Variables influencing survival in four generations of captive-born muskoxen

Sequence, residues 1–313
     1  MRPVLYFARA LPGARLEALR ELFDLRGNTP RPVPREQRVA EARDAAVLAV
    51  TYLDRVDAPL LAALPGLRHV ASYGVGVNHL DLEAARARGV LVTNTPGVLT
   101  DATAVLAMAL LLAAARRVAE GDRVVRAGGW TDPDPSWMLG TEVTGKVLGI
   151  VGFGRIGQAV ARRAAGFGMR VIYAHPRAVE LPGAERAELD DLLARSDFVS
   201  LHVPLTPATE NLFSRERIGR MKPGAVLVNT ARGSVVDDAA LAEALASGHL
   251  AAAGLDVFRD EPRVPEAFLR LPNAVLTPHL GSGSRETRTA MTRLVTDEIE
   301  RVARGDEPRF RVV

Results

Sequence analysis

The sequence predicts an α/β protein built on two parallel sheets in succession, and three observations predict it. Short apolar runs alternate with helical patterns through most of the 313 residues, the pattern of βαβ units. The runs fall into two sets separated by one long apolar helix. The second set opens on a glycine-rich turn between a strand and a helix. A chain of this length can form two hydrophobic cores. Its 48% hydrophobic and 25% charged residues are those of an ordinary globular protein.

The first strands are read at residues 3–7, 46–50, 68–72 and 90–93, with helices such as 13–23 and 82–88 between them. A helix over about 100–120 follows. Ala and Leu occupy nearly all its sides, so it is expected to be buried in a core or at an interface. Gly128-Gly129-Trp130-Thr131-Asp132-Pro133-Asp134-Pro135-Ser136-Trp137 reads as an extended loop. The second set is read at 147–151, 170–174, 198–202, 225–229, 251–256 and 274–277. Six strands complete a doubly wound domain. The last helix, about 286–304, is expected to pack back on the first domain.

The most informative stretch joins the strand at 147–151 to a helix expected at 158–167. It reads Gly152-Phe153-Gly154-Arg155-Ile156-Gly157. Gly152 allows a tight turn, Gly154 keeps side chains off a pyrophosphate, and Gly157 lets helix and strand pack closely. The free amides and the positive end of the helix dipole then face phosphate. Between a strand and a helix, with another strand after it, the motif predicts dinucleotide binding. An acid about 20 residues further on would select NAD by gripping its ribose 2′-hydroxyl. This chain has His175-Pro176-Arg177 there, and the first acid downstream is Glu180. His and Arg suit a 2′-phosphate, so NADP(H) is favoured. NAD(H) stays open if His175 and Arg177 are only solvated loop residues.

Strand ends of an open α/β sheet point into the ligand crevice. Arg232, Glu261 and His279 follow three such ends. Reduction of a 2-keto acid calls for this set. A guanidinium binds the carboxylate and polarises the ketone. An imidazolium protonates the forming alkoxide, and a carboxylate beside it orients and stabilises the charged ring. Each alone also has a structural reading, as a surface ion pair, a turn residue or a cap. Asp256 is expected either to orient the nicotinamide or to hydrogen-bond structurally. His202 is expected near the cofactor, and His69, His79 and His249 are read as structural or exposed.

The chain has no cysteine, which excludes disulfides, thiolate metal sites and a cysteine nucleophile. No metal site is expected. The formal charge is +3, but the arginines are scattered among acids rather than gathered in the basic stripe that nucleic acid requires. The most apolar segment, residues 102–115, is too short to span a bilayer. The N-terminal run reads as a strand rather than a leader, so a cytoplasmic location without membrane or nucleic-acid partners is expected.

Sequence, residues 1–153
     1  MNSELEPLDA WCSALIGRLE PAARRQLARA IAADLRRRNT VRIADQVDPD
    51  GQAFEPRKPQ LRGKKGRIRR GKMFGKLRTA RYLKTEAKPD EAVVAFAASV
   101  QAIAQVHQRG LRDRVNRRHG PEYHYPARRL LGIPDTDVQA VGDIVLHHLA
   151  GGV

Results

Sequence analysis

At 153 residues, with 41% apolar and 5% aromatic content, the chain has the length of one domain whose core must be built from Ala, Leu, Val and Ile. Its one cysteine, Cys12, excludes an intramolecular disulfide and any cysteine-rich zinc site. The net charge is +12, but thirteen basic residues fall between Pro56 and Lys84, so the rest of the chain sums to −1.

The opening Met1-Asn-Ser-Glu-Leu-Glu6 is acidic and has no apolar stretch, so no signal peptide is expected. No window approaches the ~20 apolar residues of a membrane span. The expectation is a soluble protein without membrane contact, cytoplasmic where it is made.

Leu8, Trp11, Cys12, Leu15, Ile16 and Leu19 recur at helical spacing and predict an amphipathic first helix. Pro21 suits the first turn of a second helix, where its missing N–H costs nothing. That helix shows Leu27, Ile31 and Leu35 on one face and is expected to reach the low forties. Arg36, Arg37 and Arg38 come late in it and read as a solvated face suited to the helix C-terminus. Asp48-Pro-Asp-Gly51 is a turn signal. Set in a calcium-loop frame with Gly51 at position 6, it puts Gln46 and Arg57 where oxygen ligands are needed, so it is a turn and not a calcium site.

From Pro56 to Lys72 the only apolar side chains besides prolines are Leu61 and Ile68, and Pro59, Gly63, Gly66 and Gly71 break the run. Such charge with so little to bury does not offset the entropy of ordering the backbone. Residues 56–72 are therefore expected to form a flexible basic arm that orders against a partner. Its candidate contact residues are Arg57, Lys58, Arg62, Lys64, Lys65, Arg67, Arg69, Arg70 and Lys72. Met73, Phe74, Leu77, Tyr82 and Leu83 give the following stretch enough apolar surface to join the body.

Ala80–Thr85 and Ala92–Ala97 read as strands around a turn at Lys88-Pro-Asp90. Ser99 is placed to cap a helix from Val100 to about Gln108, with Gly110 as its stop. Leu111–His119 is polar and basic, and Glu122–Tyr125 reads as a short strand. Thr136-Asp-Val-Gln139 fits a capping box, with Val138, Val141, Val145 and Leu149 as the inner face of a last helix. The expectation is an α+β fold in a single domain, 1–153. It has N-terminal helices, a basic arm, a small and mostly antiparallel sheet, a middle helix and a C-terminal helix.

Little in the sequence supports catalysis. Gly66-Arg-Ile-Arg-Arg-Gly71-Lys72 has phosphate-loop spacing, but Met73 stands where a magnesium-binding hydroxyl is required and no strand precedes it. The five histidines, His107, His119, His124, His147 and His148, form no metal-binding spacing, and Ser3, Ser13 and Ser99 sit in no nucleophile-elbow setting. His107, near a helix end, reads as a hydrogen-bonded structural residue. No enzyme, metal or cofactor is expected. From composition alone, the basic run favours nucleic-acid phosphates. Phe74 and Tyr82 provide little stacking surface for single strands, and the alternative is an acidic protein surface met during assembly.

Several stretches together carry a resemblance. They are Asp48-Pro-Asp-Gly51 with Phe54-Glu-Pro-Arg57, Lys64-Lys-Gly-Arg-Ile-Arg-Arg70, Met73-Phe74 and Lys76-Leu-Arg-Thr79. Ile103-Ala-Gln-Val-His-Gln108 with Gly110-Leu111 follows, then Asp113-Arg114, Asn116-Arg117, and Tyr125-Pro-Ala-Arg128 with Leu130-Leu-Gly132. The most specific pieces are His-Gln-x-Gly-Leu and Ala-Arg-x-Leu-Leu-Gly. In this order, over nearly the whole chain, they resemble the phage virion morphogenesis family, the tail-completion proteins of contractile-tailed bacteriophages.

AbstractSince 1967, four generations of muskoxen have been born in captivity in Alaska (399 live births, 18 abortions and 47 stillbirths), all derived from 20 females and 8 males captured on Nunivak Island. Analysis of juvenile survival was accomplished by dividing individuals into 7 classes (not born live, born live but not surviving 48 hours, survived 48 hours but < 1 week, survived 1 week but < 1 month, survived 1 month but < 6 months, survived 6 months but < 2 years, survived 2 years). Males were more frequent among live born calves (219:178, P=0.05), but greater numbers of females survived to 2 years (62:86, P<0.01). Birthweight (X=9.75 kg, N=155) did not differ between sexes nor did it significantly influence survival. Of 463 individuals, 131 showed some inbreeding but no coefficients of inbreeding exceeded 0.25 and most were less than 0.13. Analysis of variance (Kruskal-Wallis) showed a significant (P<0.05) difference between survival of inbred and non-inbred individuals. Chi-squared tests showed a greater proportion of non-inbred calves surviving to 2 years (P<0.05) but no significant differences in perinatal mortality. Offspring of the Nunivak Island cows survived significantly (P<.01) longer than those whose mothers were born in captivity, even when only non-inbred calves were compared.
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